Fans hope Bulls get LeBron James

July 1, 2010 (CHICAGO)

James is part of one of the most talented free agent classes in NBA history, and every team wants him.

Wednesday night, James was setting up camp in Ohio, Dwyane Wade was preparing for visitors in Chicago and Chris Bosh was having dinner with his family on Wednesday, in the final hours before the storm of free agency began.

James met Thursday morning with New Jersey Nets ownership, which includes rapper and music mogul Jay-Z. He also met with the New York Knicks.

The Bulls and Miami Heat are each expected to meet with James as early as Friday.

Starting July 1, deals can be struck, but nothing can be signed -- and therefore official -- until July 8. And teams likely won't know their salary-cap number for the coming year until around July 7.

In Miami, where there's been talk of the three biggest stars in this free agent class joining forces, former Heat star Alonzo Mourning offered a comparison to the New York Yankees -- a team that always seems to lure many of the most-coveted guys in the offseason. "They put talent on the floor that created championships. Period," the Heat legend was saying Wednesday at a "We Want Wade" rally.

Of course, James does have the option to remain with his hometown team, the Cleveland Cavaliers.

Meanwhile, fans in Chicago would love to cheer James on in a Bulls uniform.

"The fans want another succession of NBA championships just like they had in the 90s with the great Michael Jordan," said Ronald Crenshaw.

"If he wants to win championships, this is the only place he can get it. If he wants to be a basketball god, this is the only place he can be at," said Danny Griffen. Crenshaw and Griffen, who were playing pick up on the South side Thursday, say coming to Chicago is a no brainer, but many say there are several more factors involved in LeBron's decision making.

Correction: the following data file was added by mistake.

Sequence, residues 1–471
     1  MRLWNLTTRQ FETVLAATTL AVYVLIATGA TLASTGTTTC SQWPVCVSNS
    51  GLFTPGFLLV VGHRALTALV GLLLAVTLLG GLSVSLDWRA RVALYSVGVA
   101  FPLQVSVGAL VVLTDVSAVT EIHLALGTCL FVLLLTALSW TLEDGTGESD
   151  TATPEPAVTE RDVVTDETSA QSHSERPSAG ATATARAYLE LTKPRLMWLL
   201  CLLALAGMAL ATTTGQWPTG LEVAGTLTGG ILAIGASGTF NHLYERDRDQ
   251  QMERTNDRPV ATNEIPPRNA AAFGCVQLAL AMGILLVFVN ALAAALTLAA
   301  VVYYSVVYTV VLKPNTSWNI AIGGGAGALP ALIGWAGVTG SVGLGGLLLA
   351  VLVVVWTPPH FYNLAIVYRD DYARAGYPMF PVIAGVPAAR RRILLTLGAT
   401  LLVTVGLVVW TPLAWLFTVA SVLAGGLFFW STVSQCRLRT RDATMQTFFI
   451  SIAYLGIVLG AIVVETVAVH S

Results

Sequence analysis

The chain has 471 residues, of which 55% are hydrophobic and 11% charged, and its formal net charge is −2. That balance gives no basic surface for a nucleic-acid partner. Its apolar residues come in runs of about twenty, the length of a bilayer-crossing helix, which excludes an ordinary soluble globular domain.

LeBron's fate was the talk all day on ESPN Radio 1000.

"People are ignoring the fact of how hard it's going to be for him to leave Cleveland. All his family and are there and he doesn't have the emotional attachment to Chicago as he does to Cleveland and Akron," said Nick Friedell, ESPN Radio 1000.

If the Cavaliers lose LeBron, Cleveland will be the big loser. Economically, the city and the franchise will lose millions. But if LeBron chooses Chicago, the city will win big --- especially if LeBron wins championships.

"This is easily a multi-hundred million dollar value per year to the city if he comes to Chicago," said Mark Ganis, Sportscorp Limited.

Ganis says the bottom line is Cleveland has more to lose than Chicago has to gain. He also says there is one more factor that will play a role and that is the coach. LeBron James has indicated he wants to play for a coach that used to be a player and has also won championships before. That is something the Bulls cannot provide.

The Associated Press contributed to this report.

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